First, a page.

How Often Does A Small Business Get Audited?

  • John A. Osborne
  • Feb 07, 2023
Small Business Insurance New Jersey

Small businesses are the backbone of most economies, creating jobs and generating revenue. However, they are also susceptible to various challenges and risks, including legal and financial compliance. One of the most common compliance-related issues for small businesses is getting audited by government agencies. But how often does a small business get audited, and what can they do to prepare for it?

In this article, we will explore several topics related to small business audits, including the audit frequency, the types of audits, the triggers for audits, and the best practices for preparing for an audit.

The Audit Frequency

The frequency of small business audits varies depending on several factors, such as the business size, industry, and compliance history. Generally, small businesses can expect to get audited at least once a year by the Internal Revenue Service (IRS) or other government agencies.

However, some businesses may get audited more frequently, especially if they operate in a high-risk industry or have a history of non-compliance. For instance, small businesses that deal with cash or have complex financial transactions may attract more attention from auditors.

Additionally, some audits may be triggered by specific events or circumstances, such as changes in tax laws or regulations, complaints from employees or customers, or suspicious financial activities.

The Types of Audits

Small business audits can take various forms, depending on the type of compliance issue or government agency involved. The most common types of audits are:

  • Financial audits: These audits focus on the accuracy and completeness of a business’s financial records, such as tax returns, balance sheets, income statements, and bank statements.
  • Tax audits: These audits are conducted by the IRS to verify the accuracy of a business’s tax returns and ensure compliance with tax laws and regulations.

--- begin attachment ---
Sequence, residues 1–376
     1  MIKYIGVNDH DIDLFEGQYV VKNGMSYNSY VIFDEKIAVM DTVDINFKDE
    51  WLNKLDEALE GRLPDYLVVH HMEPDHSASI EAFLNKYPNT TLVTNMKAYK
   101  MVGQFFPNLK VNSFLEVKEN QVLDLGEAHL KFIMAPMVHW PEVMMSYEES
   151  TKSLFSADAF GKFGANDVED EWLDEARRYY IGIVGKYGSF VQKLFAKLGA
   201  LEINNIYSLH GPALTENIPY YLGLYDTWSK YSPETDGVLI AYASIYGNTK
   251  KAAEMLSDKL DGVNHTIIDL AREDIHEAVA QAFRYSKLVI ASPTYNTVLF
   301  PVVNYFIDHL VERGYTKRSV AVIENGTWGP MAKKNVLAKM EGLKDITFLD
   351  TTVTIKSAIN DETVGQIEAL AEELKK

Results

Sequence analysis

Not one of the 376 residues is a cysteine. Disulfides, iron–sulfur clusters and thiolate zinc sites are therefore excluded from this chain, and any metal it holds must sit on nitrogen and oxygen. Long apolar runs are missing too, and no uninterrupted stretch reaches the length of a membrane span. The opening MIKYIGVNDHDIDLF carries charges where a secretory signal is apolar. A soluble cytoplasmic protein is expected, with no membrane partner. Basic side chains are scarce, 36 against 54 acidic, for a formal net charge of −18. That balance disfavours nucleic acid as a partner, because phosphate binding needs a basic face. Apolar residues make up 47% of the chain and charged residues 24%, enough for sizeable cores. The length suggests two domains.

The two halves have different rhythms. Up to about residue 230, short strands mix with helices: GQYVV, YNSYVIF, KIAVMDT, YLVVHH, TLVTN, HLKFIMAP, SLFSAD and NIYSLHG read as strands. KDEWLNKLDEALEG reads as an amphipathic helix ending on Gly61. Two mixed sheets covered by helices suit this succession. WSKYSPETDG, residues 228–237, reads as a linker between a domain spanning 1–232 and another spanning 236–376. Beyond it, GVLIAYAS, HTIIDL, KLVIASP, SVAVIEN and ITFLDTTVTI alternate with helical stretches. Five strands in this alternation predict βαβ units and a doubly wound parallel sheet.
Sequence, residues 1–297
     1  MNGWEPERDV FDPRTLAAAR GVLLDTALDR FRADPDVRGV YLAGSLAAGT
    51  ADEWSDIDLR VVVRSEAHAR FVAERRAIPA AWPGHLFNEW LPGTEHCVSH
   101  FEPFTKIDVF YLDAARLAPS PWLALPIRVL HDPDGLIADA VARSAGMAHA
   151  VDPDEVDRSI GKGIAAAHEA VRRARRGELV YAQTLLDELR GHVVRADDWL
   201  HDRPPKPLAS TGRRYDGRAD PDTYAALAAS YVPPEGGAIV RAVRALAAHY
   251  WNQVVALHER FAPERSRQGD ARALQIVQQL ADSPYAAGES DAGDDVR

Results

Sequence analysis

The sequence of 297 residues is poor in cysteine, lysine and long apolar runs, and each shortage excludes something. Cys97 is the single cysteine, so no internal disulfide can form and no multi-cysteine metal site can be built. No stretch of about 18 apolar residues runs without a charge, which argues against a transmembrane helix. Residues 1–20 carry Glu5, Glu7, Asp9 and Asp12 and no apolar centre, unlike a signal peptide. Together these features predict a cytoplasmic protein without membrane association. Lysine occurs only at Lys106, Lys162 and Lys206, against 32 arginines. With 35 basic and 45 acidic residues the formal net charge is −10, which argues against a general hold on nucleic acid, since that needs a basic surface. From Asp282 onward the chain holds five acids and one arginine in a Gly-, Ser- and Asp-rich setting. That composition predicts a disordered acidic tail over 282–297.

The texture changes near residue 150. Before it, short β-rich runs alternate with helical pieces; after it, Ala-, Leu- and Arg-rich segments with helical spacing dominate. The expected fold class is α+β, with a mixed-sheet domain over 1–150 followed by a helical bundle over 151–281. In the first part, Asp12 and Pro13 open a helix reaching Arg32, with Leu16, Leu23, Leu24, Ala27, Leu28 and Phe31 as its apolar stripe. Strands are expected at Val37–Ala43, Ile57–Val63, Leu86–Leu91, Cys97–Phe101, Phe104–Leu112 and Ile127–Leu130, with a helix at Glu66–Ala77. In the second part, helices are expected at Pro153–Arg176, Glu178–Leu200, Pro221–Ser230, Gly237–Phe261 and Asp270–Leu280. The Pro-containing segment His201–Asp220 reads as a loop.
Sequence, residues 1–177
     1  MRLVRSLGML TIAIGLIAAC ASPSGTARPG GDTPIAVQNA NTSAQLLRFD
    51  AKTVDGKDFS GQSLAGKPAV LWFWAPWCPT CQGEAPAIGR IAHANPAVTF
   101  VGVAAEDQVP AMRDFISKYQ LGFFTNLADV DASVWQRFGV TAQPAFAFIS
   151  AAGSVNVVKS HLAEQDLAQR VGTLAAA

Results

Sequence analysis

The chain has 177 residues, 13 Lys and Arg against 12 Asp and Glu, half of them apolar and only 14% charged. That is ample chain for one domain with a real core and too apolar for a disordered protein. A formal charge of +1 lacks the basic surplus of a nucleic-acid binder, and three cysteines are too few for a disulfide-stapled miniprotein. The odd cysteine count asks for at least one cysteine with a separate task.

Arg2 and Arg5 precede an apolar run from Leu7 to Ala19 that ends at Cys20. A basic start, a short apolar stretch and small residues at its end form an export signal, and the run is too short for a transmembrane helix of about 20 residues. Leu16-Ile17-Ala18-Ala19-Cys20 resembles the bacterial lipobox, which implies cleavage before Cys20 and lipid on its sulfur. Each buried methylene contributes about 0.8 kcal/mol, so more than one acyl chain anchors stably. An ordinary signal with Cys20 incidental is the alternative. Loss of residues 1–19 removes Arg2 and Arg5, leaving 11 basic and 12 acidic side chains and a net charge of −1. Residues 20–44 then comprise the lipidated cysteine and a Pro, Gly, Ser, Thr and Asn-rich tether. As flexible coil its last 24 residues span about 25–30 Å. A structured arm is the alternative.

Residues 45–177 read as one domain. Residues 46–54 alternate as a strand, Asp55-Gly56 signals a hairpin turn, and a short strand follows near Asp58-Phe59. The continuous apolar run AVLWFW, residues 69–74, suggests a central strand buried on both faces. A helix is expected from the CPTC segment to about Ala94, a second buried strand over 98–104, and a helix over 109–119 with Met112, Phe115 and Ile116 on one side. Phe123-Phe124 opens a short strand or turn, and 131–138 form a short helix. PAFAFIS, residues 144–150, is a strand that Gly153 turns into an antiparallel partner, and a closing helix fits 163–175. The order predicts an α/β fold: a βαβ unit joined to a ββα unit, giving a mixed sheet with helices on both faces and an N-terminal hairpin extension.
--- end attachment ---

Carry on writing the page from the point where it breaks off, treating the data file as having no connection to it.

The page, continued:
• Safety audits: These audits are conducted by the Occupational Safety and Health Administration (OSHA) to assess a business’s compliance with safety regulations and prevent workplace accidents.
  • Environmental audits: These audits are conducted by the Environmental Protection Agency (EPA) to evaluate a business’s compliance with environmental regulations and prevent pollution.

The Triggers for Audits

Small business audits can be triggered by various factors, such as:

  • Anomalies or discrepancies in financial records, such as unreported income or inflated expenses
  • Complaints from employees or customers, such as discrimination, safety violations, or fraud
  • Random selection by government agencies, such as the IRS or OSHA
  • Changes in tax laws or regulations that affect the business’s compliance obligations
  • Prior audit findings of non-compliance or violations

The Best Practices for Preparing for an Audit

Small businesses can take several steps to prepare for an audit and minimize the risks of non-compliance, such as:

  • Maintaining accurate and up-to-date financial records, such as income and expense reports, bank statements, invoices, and receipts
  • Keeping track of compliance deadlines, such as tax filing dates, safety inspections, or environmental permits
  • Implementing internal controls and policies that promote transparency, accountability, and compliance
  • Training employees on compliance issues and reporting requirements
  • Consulting with legal and financial experts to ensure compliance with relevant laws and regulations


Small business audits are a common compliance issue that can have significant implications for a business’s reputation, finances, and legal standing. By understanding the audit frequency, types, triggers, and best practices, small business owners can prepare for audits and minimize the risks of non-compliance. Ultimately, compliance is not only a legal obligation but also a business necessity that can foster trust, credibility, and growth.

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